When Cale Makar scored in Game 3 of the Colorado Avalanche‘s first-round series against the Calgary Flames, it was the kind of moment a television network would script if it could. The shot came in Makar’s NHL debut in the Stanley Cup playoffs—a first for a defenseman—against the very team he grew up loving. It was a game-winner, but it was arguably even more notable—a sign of how good he is and how fast he’s grown up.
“You gotta be mature when you’re in these situations,” Makar says. “It’s changing levels and everything, but at the end of the day, you gotta have fun with it.”
Just three days earlier, he had accepted the Hobey Baker Memorial Award, given to college hockey’s best player. The following night, Makar had played for UMass in the NCAA championship game. His team lost to Minnesota Duluth, but the fact that the Minutemen were there in the first place was a miracle.
The program had been historically lousy. It had reached the NCAA tournament just once in its history (2006-07) and from 2013-14 to 2016-17 had a combined record of 13-64-9 in conference play.
Makar changed all that when he joined the team after being selected fourth overall in the 2017 NHL draft.
“I thought he deserved to be No. 1, and I didn’t even know who his competition was,” says Greg Carvel, who coached Makar at UMass.
To Carvel, Makar’s goal was dramatic but not surprising.
“The fact that he scored didn’t shock me at all,” Carvel says. “There’s really nothing he’ll do that will shock me.”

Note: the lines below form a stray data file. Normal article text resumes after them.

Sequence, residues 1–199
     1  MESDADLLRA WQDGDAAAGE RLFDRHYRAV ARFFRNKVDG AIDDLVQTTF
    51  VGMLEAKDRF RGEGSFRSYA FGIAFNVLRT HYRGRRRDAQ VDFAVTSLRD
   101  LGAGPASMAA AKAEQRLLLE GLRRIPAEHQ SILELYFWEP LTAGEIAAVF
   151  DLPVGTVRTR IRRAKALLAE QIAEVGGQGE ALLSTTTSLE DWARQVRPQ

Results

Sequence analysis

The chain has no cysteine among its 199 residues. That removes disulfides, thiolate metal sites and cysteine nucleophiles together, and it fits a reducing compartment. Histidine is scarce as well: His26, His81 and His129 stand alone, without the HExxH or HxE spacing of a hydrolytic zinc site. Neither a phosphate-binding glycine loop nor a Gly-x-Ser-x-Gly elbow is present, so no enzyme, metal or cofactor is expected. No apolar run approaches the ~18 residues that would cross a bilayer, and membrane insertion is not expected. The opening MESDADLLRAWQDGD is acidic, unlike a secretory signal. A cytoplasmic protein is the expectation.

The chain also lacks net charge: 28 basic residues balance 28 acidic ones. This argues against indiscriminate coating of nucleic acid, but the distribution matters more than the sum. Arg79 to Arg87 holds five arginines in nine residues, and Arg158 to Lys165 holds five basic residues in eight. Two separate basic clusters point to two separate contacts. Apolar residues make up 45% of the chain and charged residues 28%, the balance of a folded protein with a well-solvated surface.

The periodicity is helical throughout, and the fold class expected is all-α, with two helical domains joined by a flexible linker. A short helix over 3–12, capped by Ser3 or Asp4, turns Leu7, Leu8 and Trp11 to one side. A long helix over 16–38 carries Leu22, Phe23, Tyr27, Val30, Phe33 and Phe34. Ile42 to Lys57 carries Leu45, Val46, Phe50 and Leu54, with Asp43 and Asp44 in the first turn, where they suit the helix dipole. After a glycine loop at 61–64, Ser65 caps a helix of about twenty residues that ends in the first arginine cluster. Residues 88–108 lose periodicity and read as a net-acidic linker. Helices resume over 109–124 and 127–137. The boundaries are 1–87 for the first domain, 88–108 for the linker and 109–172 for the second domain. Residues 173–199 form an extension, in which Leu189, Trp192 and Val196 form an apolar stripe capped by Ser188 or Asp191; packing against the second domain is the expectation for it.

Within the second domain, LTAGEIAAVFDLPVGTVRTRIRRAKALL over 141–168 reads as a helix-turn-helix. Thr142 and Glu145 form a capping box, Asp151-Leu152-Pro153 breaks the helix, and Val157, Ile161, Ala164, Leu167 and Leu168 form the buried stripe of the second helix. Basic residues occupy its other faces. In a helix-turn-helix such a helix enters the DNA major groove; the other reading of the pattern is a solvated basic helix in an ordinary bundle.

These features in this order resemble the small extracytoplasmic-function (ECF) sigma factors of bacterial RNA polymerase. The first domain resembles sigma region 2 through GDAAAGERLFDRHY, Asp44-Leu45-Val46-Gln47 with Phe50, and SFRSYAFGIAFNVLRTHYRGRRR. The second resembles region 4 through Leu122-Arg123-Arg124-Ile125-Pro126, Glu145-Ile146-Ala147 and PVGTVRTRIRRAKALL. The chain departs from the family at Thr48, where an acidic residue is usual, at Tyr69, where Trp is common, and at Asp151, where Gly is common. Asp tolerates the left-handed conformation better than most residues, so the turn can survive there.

When Carvel took the job at UMass in 2016, the name Cale Makar didn’t mean anything to him, but athletics director Ryan Bamford had been following the recruit closely. “The first thing out of his mouth was, ‘You need to call Cale Makar,'” Carvel says.
Carvel went to see Makar play early that season and knew immediately he was a star.
“I watched him spin around for warm-ups, and before warm-ups was over I called my assistant coaches and I said, ‘We have Erik Karlsson coming to our team this year,'” Carvel says. “At that time, he wasn’t highly regarded. As the season went on, he went from a C to a B to an A to a first-round to a top-10. When we got to the draft, I would not have been surprised if he went No. 1 overall. When they do the look-back at drafts, I won’t be surprised if Cale leads the way out of that.”
From the outside, UMass was no place for a player of Makar’s ability. He could have probably played at any school he wanted. But he and his parents liked UMass.
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“He’s a very different kid,” Carvel says. “He didn’t rush to the NHL. Everybody’s rushing to get there. He’s one of the very few kids that because of the guidance of his parents—they were going to do it right. They turned down the Canadian Olympic team because they didn’t think it was the right time or place. They didn’t sign with Colorado after one year because Cale knew he still had to get better. And I think he did it the right way: when he was ready to play in the NHL and be very effective. And there’s not many kids that have the patience or maturity to do that.”